Has 275mm/yr (11 inches of rainfall) been taken off the recharge calculation for the Lincoln Basin?

Wouldn’t expanding the boundaries of the PWA  help solve this problem?

The Uley Basin receives recharge not only from rainfall directly over the Basin, but also from outside of the Prescribed Wells Area Boundary via runoff  from uplands just to the north.

Shouldn’t the Prescribed Wells Area include this catchment?

(5) Draft WAP: page 35:  3.3.1 Wetlands:  It states,  Those wetlands that depend on catchment water and are thought to be disconnected from the Quaternary aquifer, such as Big Swamp and Little Swamp (SKM 2009), were not considered to be GDE’s and thus are not considered to be current environmental values for the purpose of this Plan.”

I strongly disagree with not giving Big Swamp and Little Swamp environmental values in the current WAP. On the grounds that;

“There are several inland wetland areas on Eyre Peninsula that are listed in the Directory of Important Wetlands for South Australia. These include, Big Swamp, Little Swamp, Sleaford Mere, Lake Newland, and Lake Hamilton.”- Wetland Inventory Eyre Peninsula Seaman R.L.(2002)

 In MERI Plan for the Southern Basins & Musgrave Prescribed Wells Area WAP (page 40).  GDE Monitoring Site Selection it states:

 Southern Basins:  b. Big Swamp (high) :” was included in this analysis to demonstrate that it ranks highly (equal sixth) against the other sites for monitoring value, despite being equivocal in terms of groundwater dependence (and therefore at a disadvantage in this analysis). It is likely this would rank among the highest monitoring priorities if the groundwater reliance criteria were removed.”  Yet it is recorded that:  “Big Swamp is considered important in the overall water balance of the Uley Basin”(Harrington, Evans,& Zulfic 2006)

Also in SKM  Scoping Study 2010 it states: “ In the Southern Basins area, mapped areas inferred to be obligate phreatophytes are present in small pockets in the north and east of the region, overlying the northern edges of Uley Wanilla and Uley East, surrounding Big Swamp as well as to the east near Lincoln-D  and Tulka lenses.”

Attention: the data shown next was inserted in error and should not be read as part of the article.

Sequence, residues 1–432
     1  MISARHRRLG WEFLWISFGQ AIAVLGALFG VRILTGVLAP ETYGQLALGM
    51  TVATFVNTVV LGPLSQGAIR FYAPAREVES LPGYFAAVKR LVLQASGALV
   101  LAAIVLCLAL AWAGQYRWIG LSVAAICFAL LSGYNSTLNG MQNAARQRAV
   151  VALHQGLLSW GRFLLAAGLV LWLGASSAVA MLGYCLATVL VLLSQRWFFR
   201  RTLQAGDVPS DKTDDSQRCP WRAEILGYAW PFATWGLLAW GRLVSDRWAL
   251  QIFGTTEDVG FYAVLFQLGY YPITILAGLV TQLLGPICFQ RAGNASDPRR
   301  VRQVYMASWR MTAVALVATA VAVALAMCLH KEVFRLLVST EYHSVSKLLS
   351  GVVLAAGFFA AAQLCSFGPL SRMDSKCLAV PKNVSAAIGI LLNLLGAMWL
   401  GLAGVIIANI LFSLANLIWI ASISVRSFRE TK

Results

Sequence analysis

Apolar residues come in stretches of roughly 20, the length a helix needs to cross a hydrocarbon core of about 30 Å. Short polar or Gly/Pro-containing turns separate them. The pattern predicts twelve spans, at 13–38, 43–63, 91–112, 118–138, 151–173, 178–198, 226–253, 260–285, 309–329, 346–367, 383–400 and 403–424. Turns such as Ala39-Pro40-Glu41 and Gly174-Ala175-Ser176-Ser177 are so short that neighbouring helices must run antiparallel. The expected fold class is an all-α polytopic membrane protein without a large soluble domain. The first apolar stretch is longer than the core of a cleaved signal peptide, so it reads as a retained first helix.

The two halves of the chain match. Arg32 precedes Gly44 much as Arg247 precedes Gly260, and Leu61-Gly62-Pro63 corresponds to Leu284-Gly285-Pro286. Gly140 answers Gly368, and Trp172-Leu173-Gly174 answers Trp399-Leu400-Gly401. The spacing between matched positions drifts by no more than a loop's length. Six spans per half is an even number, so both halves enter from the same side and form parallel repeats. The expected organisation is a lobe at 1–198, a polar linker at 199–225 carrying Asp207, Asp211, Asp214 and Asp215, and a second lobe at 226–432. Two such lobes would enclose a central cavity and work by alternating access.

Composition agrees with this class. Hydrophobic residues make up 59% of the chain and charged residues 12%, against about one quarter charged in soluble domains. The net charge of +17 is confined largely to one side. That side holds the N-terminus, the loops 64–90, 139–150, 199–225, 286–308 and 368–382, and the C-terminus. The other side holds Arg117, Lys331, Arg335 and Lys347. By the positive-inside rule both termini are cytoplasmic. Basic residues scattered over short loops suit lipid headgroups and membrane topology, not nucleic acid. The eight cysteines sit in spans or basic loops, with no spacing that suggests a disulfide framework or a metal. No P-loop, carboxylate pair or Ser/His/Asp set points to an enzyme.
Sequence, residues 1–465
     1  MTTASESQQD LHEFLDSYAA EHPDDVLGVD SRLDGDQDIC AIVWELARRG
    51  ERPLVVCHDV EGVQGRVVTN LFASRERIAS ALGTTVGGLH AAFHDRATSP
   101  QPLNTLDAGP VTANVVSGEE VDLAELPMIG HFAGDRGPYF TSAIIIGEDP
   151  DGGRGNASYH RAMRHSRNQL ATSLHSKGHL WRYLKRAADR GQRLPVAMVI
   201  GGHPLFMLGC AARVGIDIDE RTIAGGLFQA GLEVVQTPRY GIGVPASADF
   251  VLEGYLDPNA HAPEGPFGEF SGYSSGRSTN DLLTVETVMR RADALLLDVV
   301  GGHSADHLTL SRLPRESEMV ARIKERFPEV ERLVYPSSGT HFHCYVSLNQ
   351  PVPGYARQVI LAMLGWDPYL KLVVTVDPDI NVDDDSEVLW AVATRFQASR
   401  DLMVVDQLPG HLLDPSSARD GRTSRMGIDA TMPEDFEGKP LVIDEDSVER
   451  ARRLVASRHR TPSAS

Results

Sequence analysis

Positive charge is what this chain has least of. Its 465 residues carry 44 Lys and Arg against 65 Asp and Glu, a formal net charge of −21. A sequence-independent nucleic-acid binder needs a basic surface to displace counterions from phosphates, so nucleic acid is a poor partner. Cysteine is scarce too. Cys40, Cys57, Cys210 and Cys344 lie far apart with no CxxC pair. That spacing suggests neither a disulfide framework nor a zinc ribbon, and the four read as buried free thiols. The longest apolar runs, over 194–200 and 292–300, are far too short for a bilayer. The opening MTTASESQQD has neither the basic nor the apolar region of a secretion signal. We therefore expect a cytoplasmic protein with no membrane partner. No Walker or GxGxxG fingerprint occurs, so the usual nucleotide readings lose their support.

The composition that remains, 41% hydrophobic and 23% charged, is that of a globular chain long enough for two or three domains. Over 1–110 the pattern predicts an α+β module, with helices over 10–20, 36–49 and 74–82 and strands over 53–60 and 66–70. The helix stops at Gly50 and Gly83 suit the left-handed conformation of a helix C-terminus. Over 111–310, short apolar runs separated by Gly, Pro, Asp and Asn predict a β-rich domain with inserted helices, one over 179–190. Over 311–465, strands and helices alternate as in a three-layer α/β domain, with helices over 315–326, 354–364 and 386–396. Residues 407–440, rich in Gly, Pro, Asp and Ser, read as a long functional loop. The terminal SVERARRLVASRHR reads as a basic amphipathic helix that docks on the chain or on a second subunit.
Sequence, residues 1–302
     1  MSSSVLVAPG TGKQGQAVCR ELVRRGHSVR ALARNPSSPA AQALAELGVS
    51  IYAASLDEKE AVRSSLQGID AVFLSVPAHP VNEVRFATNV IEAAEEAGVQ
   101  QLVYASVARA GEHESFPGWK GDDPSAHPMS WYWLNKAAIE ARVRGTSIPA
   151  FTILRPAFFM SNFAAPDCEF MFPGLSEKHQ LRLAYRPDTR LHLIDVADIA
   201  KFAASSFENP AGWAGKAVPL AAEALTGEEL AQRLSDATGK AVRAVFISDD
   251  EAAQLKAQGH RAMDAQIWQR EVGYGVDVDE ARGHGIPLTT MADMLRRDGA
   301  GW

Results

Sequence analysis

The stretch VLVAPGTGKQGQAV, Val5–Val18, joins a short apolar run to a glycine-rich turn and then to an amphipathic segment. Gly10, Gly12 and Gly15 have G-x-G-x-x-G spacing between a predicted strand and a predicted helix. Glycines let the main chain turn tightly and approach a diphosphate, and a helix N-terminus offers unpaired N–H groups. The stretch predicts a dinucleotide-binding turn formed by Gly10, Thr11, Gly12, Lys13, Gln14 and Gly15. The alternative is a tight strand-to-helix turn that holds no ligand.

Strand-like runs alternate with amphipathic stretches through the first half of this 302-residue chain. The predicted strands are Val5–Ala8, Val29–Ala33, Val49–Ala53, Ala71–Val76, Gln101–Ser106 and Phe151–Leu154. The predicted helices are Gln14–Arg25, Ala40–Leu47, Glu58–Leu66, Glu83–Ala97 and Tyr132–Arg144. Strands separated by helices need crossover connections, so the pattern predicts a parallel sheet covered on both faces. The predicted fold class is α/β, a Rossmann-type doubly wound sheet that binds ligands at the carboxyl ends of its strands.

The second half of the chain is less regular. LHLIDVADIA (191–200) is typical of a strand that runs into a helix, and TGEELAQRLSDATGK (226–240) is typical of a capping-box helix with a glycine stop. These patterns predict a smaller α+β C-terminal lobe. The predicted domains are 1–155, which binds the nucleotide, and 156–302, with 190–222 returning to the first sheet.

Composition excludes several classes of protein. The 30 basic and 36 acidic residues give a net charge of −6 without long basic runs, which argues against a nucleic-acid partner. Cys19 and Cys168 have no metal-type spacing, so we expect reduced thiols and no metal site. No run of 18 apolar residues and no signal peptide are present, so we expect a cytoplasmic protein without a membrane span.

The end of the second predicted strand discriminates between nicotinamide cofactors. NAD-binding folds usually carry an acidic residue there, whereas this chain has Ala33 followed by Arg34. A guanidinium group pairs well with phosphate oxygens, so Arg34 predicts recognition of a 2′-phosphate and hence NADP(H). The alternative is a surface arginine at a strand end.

Little Swamp supports an annual coverage of Chara spp.- a significant resource for birds and other fauna, and should rate environmental protection too.

 

(6) Other GDEs that are over Uley South which have not been considered in the Draft WAP are,

1/ collapsed sinkholes.

 SA Water has estimated from extensive mapping that there is roughly a sinkhole every seven hectares. There is about 75 millimetres per annum of recharge through the sinkholes out of a total of around 130/140millilitres per annum (just over half) –Natural Resources Report 7th May 2013

In SKM  Eyre Peninsula Groundwater Ecosystem Scoping Study 2010  it states:

Collapsed sinkholes provide shady and moist environments for plant forms, including Rock Fern (cheilanthes austrotenui folia). These areas are likely to provide habitat for unique flora and fauna species on the Eyre Peninsula. Some collapsed sinkholes may intersect the water table and act as drought refuge/ watering areas.

2/ Tussock Grassland and Facultative phreatophytes.

In SKM Eyre Peninsula Groundwater Dependent Ecosystems Scoping Study 18th March 2010   it states:

   In the Uley and Coffin Bay Basins, the areas of potential GDEs mostly comprise tussock grassland and facultative phreatophytes over shallow water tables or unknown depths to water. In the Uley Basin the greatest expanse occurs to the east of Uley South, near to associated extraction wells, and in the south and to the East of Uley East. A seasonal/intermittent freshwater lake connected to the quaternary aquifer with adjacent obligate and facultative phreatophytes and sedgeland also overlies the centre of Uley South, near extraction wells